Withdrawals from the Tunis Forum increase the political incompatibility between the Libyan factions.
Libyan tribes have pre-empted the direct Libyan – Libyan political dialogue forum, scheduled to begin on the ninth of November in Tunisia, warning that it would become a platform to pass the agendas of the Muslim Brotherhood and perpetuate its hegemony over power in Libya under the cover of the United Nations Support Mission that sponsors this forum.
This warning, which was accompanied by the announcement of some personalities that they would refuse to participate in the forum, shifted the fluctuating political equations that govern the paths of organizing this dialogue, the results of which are supposed to culminate in political and military understandings reached in the meetings of the Moroccan town of Bouznika and the 5 + 5 meetings in Geneva.
It also raised concerns that the Tunis Forum would prevent a serious breakthrough in the current political blockage, which has been deepened by the dissonant regional and international agendas, and the calculations of the strategic interests of the influential powers in the Libyan file.
Abdel Karim Harami, the diplomatic advisor to Tunisian President Qais Said, confirmed that his country has completed all preparations to host the Libyan Dialogue Forum, expressing his hope that this forum will establish peace and security and launch a comprehensive political path that ends the state of fighting and chaos in Libya.
Muhammad Al-Mesbahi: We refuse to pass the Brotherhood’s agenda through the UN mission’s gate.
He pointed out that his country “does not deal with the situation in Libya out of positioning, influencing the decision, or competing with other countries, but rather to ensure that Libyans surpass the current situation as soon as possible so that they can enjoy their lives and head to the future with greater optimism.”
However, the optimism of the diplomatic advisor to the Tunisian president – which coincided with similar optimism expressed by Stephanie Williams, Acting Head of the United Nations Support Mission in Libya – did not find an echo with the Libyan tribes, whose role and influence in shaping the Libyan political scene with all its different balances cannot be ignored.
This was evident through the position of the Supreme Council of Sheikhs and Notables of Libya, as well as the position of the Supreme Council of Libyan Tribes and Cities, in addition to the announcement by a number of parliamentarians that they would refuse to participate in this forum for reasons that were dictated by serious concerns about passing Brotherhood agendas at the expense of the interests of the Libyan people.
In this context, Muhammad al-Mesbahi, head of the Office of the Supreme Council of Sheikhs and Notables, affirmed that the Supreme Council of Sheikhs and Notables “rejects fraud and passing the agenda of the Muslim Brotherhood in Libya through the UN mission.”
The Supreme Council of Sheikhs and Notables of Libya – which was established in Azizia in 2014 and held its first public meeting in the city of Seluk in 2015 – is considered one of the important and influential bodies, as many Libyan tribes and cities fall within it, and it aims to mend the Libyan rift and stop the fighting, and combat militias and terrorism in all its forms.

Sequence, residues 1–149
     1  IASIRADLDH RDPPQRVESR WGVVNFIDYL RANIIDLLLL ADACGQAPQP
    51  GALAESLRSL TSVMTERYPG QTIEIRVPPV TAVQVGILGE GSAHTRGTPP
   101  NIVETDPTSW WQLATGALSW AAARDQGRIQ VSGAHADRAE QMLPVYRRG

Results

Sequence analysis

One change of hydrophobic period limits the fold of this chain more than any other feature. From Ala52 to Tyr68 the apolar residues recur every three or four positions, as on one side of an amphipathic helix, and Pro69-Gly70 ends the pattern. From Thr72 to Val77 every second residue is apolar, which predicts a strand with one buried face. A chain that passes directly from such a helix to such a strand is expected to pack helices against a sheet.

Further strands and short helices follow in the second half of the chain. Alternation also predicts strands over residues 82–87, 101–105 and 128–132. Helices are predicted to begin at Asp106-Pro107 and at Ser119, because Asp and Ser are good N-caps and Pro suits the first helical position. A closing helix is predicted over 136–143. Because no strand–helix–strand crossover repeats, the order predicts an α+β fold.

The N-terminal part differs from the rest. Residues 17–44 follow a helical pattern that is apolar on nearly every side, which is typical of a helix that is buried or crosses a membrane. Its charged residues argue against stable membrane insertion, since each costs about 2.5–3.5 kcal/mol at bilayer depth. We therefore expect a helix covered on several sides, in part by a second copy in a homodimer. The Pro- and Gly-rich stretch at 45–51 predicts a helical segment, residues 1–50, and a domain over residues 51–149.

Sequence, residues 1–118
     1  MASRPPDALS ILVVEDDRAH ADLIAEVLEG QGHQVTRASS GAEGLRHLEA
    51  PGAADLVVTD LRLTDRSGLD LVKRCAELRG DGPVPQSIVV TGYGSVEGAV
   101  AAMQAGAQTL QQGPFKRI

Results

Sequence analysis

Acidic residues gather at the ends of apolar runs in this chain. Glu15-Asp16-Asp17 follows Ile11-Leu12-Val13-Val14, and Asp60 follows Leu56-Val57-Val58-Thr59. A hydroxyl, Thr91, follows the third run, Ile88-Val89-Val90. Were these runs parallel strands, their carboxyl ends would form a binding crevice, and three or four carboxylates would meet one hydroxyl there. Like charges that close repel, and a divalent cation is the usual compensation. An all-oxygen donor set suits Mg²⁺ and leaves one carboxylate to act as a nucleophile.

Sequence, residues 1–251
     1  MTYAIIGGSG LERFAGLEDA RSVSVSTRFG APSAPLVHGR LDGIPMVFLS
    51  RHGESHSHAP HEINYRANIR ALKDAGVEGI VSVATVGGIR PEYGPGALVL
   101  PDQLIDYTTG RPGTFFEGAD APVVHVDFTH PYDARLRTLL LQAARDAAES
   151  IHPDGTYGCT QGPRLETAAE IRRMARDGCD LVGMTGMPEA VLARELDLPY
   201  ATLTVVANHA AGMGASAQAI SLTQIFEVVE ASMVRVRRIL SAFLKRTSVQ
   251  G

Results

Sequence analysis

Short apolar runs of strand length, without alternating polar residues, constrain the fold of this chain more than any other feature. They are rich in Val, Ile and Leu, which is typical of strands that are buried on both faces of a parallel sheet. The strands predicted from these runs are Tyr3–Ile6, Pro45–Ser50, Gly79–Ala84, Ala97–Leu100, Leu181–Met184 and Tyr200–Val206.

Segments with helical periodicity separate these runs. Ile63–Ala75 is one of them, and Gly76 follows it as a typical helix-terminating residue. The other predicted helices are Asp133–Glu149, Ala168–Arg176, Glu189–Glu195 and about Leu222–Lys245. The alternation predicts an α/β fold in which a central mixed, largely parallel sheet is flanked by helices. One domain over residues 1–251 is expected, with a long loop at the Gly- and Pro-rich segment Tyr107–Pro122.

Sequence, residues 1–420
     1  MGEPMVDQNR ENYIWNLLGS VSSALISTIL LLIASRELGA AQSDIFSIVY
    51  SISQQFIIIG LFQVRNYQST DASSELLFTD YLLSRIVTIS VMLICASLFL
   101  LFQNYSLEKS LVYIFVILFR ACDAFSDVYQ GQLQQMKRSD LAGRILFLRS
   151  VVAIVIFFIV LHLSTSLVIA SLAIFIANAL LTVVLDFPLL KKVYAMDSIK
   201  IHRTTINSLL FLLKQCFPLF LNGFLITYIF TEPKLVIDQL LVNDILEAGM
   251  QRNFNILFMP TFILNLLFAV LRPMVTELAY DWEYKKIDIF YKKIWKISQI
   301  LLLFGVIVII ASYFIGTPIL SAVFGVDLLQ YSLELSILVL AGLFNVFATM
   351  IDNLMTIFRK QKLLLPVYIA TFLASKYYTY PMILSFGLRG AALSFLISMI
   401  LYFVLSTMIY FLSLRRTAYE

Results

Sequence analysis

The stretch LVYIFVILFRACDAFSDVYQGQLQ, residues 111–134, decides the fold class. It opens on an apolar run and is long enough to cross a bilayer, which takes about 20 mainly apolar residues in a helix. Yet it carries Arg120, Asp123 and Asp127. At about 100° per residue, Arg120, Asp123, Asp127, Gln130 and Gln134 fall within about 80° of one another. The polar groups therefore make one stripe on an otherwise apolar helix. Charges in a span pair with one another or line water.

Al-Mesbahi said that the Supreme Council of Sheikhs and notables of Libya “did not object to the meeting of Libyans,” but “to the way in which the will of the Libyans is deceived through the UN mission to pass the agenda of the Muslim Brotherhood in Libya, through controversial names invited to participate in the forum”.
The United Nations Support Mission in Libya announced earlier that it had invited 75 people from Libya representing the political and social spectrum of the Libyan society to participate in the first meeting of the Libyan – Libyan Direct Political Dialogue Forum, to be held in Tunisia based on the outcomes of the Berlin Conference on Libya, which was approved by UN Security Council.
After the leaked list of the names of the personalities invited to participate in the Tunis Forum, it was found that 42 out of 75 people invited are affiliated with the Muslim Brotherhood, which prompted the Supreme Council for Tribes and Libyan Cities to express its disapproval of what it described as “the domination of Islamic organizations and their allies on the list of those invited to dialogue, at a time when national actors and influential social components were excluded.”
And he considered that the selection of the members of the Tunis Forum – among them “some personalities who live abroad and have no bases at home, dozens of extremists, and even some known for practicing and advocating terrorism” – shows “disregard for the sacrifices made by the Libyan people in the face of terrorism.”
He warned that “poor preparation and planning for the conference heralded a new failure of the political process,” which would lead the country to another stage, which he described as “dark”, announcing at the same time his “rejection of the convening of the Tunis conference in terms of the manner and persons invited by the United Nations mission, its illegality, and rejection of its outcomes”.
And while the response to these criticisms and warnings is similar, Stephanie Williams said that the United Nations mission “wants the Libyan dialogue to be at the level of historical responsibility … and that what matters to the Libyan people is what will result from the next meeting in Tunisia and not whoever participates in it.”
Nevertheless, the Libyan parliamentarian, Misbah Douma Waheeda, who received an invitation to participate in the Tunis Forum, expressed his fears “that this forum will produce an agreement that would return the Libyan crisis to the first square of division and place Libyans in a state of confusion that could last for several years”.
Translation by Internationalist 360°